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Allen M., Esq.
Allen M., Esq., Lawyer
Category: Military Law
Satisfied Customers: 19317
Experience:  Lawyer and current JAG officer.
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Is my ex-wife entitled to 50% of my military retirement

Customer Question

Is my ex-wife entitled to 50% of my military retirement pension?
JA: Because laws vary from state to state, could you tell me what state is this in?
Customer: Our divorce was done in Alaska, but I am now a resident of California
JA: Have you talked to a lawyer yet?
Customer: Not on this issue... At the time of my divorce I was in the final year of service. It was not a very smooth break up and I just wanted to get the proceedings over with as quickly as possible. The divorce went final in 2013, but we had been separated since 2010
JA: Anything else you think the lawyer should know?
Customer: Just that I have had a catastrophic financial collapse since the divorce. The cost of living here in California and mounting creditors has forced me to file for Chapter 13
JA: What state are you in? And has anything been officially filed?
Customer: I am in California & yes I have already filed for the bankruptcy
Submitted: 1 year ago.
Category: Military Law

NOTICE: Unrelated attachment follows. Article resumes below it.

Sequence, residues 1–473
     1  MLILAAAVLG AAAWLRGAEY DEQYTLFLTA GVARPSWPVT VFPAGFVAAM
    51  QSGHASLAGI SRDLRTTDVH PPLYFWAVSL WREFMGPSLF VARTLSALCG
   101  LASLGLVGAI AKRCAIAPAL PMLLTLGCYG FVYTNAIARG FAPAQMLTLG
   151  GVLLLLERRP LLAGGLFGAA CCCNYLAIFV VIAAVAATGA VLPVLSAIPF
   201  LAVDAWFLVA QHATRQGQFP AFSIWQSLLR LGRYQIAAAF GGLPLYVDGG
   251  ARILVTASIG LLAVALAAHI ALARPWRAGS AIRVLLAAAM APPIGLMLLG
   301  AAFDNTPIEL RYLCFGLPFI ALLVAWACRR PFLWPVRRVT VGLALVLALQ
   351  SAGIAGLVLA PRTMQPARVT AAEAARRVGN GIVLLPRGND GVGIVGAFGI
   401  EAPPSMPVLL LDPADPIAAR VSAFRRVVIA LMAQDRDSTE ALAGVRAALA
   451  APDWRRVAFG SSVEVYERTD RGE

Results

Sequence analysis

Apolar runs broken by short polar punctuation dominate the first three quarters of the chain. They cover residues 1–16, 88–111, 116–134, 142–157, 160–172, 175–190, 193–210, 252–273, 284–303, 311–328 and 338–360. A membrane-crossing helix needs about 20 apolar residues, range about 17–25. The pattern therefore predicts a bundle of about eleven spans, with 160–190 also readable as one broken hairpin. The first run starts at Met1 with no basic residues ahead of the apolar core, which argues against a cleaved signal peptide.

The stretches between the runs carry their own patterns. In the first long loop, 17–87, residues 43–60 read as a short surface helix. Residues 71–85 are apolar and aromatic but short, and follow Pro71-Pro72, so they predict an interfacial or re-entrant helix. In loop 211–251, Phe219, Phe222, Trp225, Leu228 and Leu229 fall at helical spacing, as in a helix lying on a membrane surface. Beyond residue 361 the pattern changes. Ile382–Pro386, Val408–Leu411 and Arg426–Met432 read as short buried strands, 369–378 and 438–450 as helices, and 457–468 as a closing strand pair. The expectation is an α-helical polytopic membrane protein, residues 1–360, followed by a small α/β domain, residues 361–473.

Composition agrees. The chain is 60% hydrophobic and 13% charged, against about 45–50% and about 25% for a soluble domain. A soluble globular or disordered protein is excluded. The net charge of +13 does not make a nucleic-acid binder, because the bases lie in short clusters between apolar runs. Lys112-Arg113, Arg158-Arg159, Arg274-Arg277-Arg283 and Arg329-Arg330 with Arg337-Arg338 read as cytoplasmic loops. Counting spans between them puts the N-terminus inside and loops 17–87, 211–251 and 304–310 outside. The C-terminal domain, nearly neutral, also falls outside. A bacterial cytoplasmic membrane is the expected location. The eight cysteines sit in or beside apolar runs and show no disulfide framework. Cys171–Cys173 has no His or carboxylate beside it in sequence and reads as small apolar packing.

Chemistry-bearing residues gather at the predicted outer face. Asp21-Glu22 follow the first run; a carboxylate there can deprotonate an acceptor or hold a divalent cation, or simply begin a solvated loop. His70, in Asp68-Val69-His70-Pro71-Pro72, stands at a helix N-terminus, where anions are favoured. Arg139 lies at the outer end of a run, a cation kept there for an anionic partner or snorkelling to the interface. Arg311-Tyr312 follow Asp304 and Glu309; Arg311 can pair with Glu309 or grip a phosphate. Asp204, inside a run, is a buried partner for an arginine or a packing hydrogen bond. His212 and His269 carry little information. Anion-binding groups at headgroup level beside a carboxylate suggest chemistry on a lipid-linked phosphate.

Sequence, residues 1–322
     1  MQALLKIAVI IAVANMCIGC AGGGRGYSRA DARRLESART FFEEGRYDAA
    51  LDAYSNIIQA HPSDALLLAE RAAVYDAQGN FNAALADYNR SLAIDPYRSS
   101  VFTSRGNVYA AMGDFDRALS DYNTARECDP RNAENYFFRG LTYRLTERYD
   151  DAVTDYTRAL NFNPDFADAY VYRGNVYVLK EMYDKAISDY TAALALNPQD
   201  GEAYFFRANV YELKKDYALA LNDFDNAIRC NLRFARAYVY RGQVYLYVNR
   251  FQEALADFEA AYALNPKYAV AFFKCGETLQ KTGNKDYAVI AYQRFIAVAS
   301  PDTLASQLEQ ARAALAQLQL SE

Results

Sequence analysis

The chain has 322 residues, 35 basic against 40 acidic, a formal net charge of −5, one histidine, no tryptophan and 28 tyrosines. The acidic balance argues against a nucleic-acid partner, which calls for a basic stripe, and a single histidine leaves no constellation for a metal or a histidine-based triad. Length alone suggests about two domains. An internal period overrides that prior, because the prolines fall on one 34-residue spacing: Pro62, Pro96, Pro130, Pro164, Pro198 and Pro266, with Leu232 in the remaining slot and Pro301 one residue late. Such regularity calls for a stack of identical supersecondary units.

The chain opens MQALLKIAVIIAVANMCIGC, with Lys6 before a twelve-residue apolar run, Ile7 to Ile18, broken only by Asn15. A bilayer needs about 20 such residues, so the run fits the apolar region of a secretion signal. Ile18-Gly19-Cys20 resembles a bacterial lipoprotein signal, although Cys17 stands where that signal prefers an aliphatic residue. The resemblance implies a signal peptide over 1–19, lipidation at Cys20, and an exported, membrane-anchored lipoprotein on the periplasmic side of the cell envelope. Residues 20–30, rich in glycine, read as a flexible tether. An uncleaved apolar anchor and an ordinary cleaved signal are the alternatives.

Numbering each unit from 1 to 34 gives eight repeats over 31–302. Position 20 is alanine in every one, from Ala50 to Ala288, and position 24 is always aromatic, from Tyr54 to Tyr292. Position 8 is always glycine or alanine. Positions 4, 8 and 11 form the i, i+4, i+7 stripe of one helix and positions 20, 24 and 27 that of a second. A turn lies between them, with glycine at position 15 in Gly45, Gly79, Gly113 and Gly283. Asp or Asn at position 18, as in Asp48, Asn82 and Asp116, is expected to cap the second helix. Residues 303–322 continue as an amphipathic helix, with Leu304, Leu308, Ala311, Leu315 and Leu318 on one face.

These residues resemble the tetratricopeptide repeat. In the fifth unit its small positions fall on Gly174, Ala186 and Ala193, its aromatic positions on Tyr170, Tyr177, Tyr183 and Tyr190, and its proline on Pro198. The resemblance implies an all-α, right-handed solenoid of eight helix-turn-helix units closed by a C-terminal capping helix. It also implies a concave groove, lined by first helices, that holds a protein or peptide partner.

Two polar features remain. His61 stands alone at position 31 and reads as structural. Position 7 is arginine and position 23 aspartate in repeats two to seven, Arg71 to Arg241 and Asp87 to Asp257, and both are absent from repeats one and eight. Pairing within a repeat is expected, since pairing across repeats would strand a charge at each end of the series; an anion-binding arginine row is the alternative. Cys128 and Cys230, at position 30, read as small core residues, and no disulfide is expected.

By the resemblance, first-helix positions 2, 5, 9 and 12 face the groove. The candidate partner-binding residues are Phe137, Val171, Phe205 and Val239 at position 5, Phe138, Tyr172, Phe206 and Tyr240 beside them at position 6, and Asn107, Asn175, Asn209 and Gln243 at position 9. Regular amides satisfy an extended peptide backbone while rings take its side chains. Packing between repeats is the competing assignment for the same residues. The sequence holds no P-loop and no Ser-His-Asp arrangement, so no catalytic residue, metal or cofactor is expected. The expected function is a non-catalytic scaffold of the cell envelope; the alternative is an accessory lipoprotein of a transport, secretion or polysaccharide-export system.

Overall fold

Expert:  Allen M., Esq. replied 1 year ago.

Thank you for trusting your question to JA today. I am a licensed attorney with over a decade of law practice and over 20 years of experience in the legal field. I’m happy to be of assistance.

The question of the division of military retirement isn't one that is answered entirely by military law. Let me explain. back in the 80's, military retirement couldn't legally be divided by state courts, because it was a federal benefit and the rule of preemption doesn't allow a state law to overstep a federal one.

Congress recognized this as an issue and passed a law allowing state courts to divide military retirement. However, while that law allows a state court to divide military retirement, it does not dictate how that division has to take place. All the law does is grant state courts the same right to divide military retirement as they already had to divide civilian forms of retirement.

So, a former spouse is not entitled to any specific result in a divorce and only obtains a legal right to military retirement division if the state court, during the divorce, orders a division in the decree. Your former spouse would be entitled to 50% of your retirement only if your divorce decree specifically states that she is entitled to 50% of your retirement. Without that statement in the decree, she has no entitlement.

If the decree does grant her 50% of your retirement, that grant is permanent unless it specifically states that it is not. It is not an award that fluctuates based on either of your financial positions, like child or spousal support might.

If you have any further questions, please let me know. I invite follow up questions, so use REPLY for those. If you have no further questions then good luck going forward and please do not forget to rate my service with a top-three rating so that I receive credit for working with you today. Please rate me based on my service and not on your satisfaction with the law, which I am not in control of and I am just reporting to you. Also, feel free to request me in the future, if you have questions concerning a different matter.